Interestingly, the traffic study produced by the developer didn’t take cyclists into consideration with regards to the intersection (apparently, there is a single paragraph in the traffic study which speaks to cyclists on internal subdivision streets, but not the intersection). The developer has agreed to share the traffic study with me, and I suspect she’d be amenable to sharing it with others in our organization who might actually have a clue (unlike me) when they read it with their Engineers glasses on.

    Sorry for the length of this email. I’m going to be out of communication from now until Monday morning, but I wanted to get this off to you in anticipation of Celia contacting the SCU over the next few days. I think this is an exciting opportunity for more cycling infrastructure (and it will even connect to existing infrastructure!), but there are a few design elements which we need more say on.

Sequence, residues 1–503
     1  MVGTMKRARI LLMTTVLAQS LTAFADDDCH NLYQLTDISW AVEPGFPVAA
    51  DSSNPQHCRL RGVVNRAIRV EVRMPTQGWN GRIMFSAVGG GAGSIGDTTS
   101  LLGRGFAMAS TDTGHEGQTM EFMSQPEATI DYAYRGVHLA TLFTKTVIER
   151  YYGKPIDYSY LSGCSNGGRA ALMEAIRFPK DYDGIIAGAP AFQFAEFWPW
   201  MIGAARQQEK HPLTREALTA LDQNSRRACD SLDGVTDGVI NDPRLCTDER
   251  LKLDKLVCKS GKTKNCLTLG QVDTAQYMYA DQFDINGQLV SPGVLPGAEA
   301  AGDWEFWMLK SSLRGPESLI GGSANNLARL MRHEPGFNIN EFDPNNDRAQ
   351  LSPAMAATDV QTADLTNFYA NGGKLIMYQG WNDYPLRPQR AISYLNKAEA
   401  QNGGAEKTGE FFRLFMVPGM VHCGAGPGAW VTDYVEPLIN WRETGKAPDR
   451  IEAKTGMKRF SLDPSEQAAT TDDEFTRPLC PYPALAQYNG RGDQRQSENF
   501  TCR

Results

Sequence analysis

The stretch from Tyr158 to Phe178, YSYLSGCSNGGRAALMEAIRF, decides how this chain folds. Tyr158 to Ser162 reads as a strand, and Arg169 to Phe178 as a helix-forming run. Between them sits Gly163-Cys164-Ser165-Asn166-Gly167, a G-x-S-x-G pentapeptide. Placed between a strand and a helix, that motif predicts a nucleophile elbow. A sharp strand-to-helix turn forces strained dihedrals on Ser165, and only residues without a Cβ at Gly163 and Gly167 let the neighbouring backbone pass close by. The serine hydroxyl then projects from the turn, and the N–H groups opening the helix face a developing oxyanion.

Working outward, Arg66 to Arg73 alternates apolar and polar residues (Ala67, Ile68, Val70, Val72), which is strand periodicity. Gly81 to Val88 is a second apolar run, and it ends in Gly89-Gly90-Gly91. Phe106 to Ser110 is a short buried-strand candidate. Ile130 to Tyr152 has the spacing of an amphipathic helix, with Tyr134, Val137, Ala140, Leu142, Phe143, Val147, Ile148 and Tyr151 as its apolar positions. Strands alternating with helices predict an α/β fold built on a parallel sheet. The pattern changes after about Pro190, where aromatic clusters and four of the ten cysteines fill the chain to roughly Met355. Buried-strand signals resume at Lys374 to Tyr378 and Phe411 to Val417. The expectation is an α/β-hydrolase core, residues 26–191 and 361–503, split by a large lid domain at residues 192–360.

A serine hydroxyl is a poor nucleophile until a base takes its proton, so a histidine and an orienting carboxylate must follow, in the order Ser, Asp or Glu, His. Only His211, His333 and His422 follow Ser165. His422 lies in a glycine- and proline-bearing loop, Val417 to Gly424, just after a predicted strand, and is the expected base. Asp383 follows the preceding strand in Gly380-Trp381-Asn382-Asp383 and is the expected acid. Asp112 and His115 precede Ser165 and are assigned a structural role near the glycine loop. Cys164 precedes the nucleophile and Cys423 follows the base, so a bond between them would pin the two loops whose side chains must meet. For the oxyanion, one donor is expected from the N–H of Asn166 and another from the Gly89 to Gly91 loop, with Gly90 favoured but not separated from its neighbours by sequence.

2. Just sharing some notes that I’ve made regarding the specifics of the Subdivision approval. You may wish to have a copy of the City’s Staff Report on hand when reviewing these notes.

    Silver Hills Subdivision


    Condition No. 11 of draft plan approval indicates that the Traffic Study is to be “finalized” – this would be the SCU’s way in to further involvement in the process, without risking the requested approvals.

    Condition No. 12 – Silver Hills Drive to be constructed to a “collector standard” of 11m with sidewalks along both sides of the road.

    Condition No. 13 – this one is problematic. Calls for the construction of a 3m wide 2-way bike path behind the sidewalk on the east side of Silver Hills Drive. Request the removal of this condition, and amendment to condition No. 12 to reference a 14m width for on-street bike lanes.

    Condition No. 14 – refers to a roundabout as being the preferred intersection option, but says if one is not “feasible” a conventional intersection will suffice. What criteria will be used to determine “feasibility”? Who will make the call, City or Developer? There should be the requirement for continued consultation with neighbours and with end users, such as cyclists.